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(From The Picture Of Dorian Gray from Graphic Classics; just not Gothic enough, not dark enough, not engrossing enough as Wilde’s prose.)

However, the first short story, The Canterville Ghost does much to repair the damage wrought by the adaptation of Dorian Gray. Antonella Caputo writes her adaptation in the comedic spirit of Wilde’s original, ably abetted by Nick Miller’s genuinely funny cartooning (reminiscent of the great Steve Parkhouse at times I thought) and they both manage to capture the feel of the original extremely well indeed. The very English ghost’s horror, disbelief, anger and eventual defeat at the refusal of these upstart Americans who have invaded his home to be even remotely scared is skillfully done and raised a series of smiles all the way through with Wilde’s comedy of Anglo-American manners and values perfectly summed up with the page beneath where the head of the American family deals with the English ghost:

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(Nick Miller’s art from The Canterville Ghost)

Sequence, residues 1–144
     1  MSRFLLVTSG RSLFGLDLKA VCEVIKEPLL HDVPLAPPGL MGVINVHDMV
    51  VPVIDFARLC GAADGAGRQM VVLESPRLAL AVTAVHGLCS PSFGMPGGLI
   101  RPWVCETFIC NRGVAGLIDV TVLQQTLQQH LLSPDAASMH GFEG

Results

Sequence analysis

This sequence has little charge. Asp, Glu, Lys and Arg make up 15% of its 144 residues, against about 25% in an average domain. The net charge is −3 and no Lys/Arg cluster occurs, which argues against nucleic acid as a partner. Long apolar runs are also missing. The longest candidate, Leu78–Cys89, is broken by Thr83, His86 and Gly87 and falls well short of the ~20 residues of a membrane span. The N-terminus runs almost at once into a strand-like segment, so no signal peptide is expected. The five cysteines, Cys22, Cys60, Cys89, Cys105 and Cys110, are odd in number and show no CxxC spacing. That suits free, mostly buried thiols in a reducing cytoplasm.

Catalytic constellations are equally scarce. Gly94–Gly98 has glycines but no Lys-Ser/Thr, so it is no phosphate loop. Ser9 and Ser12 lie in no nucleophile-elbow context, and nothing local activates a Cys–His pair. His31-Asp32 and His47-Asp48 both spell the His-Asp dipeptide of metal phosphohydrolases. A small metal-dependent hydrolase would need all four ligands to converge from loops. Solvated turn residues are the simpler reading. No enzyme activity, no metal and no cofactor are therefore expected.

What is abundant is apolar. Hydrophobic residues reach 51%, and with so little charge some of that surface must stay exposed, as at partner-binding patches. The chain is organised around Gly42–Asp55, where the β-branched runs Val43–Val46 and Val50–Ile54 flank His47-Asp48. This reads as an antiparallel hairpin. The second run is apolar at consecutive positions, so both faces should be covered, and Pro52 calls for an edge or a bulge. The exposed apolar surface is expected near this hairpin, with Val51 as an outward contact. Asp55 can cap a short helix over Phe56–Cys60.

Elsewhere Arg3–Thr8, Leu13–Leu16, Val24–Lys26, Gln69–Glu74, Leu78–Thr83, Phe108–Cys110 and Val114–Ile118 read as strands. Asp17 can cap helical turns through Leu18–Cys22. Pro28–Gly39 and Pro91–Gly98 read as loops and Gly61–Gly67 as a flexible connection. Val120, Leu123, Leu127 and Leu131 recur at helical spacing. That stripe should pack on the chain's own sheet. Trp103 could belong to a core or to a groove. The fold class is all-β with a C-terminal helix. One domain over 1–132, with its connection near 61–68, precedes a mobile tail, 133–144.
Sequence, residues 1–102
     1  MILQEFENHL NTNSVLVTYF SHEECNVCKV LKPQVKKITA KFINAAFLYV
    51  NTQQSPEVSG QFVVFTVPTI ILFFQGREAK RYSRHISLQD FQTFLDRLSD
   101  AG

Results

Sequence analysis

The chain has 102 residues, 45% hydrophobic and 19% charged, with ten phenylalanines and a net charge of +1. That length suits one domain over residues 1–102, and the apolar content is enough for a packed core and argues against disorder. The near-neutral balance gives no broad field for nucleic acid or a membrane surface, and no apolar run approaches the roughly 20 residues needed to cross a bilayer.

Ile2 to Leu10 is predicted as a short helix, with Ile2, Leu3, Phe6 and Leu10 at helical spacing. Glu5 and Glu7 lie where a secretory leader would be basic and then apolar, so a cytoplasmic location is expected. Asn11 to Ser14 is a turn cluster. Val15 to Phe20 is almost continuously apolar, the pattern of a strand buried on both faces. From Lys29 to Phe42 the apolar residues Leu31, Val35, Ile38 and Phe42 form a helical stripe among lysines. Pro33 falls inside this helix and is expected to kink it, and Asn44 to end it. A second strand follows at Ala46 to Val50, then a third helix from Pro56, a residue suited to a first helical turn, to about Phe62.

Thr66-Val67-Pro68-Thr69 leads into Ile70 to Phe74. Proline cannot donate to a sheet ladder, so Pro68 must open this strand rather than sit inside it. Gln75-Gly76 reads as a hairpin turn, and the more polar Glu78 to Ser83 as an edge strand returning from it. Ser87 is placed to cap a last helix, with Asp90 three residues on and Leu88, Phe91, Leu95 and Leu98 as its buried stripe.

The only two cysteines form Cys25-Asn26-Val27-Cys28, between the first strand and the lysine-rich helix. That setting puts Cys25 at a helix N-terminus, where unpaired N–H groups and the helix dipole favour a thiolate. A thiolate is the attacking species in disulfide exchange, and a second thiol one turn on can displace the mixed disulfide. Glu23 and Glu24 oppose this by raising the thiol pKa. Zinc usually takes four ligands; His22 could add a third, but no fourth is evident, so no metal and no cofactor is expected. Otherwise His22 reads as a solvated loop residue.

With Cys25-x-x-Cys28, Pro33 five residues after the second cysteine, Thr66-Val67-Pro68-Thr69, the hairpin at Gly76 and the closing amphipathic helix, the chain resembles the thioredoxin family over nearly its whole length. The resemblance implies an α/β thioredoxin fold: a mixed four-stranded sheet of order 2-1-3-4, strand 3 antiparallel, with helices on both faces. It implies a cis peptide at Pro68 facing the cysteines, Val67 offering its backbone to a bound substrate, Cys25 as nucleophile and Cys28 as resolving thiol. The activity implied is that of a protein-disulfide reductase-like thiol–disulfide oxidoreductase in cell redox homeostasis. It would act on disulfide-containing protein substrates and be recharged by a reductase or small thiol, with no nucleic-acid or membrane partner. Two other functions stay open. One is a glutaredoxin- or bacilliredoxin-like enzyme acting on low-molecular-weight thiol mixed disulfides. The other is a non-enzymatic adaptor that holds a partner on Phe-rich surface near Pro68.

Lord Arthur Saville’s Crime is another comedy, although a rather darker one, concerning Saville and a terrifying prediction that he will become a murderer at some point in his near future. Saville puts off his wedding to the love of his life and decides that, if he is to become a murderer, he may as well get it over and done with. What follows is a good, old fashioned Victorian farce, with Saville’s attempts to poison his Aunt Clem and then, when she inconveniently dies of natural causes, he seeks to blow up his Uncle. It’s handled quite brilliantly in comics form by Rich Rainey’s adaptation and Stan Shaw’s art; utilising a horizontal panel layout that sticks most effectively almost all the way through to just five panels a page. Yet where Dorian Gray was brutally truncated by having Wilde’s prose limited to very few panels, Rainey and Shaw do the opposite and have adapted it wonderfully well.